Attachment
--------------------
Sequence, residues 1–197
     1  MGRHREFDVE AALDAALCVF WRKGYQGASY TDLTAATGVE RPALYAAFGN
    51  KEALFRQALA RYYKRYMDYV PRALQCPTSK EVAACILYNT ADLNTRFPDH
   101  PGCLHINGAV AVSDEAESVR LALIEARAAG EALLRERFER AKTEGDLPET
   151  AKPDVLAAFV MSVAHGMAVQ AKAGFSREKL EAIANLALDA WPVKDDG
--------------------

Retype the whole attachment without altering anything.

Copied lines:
Sequence, residues 1–197
     1  MGRHREFDVE AALDAALCVF WRKGYQGASY TDLTAATGVE RPALYAAFGN
    51  KEALFRQALA RYYKRYMDYV PRALQCPTSK EVAACILYNT ADLNTRFPDH
   101  PGCLHINGAV AVSDEAESVR LALIEARAAG EALLRERFER AKTEGDLPET
   151  AKPDVLAAFV MSVAHGMAVQ AKAGFSREKL EAIANLALDA WPVKDDG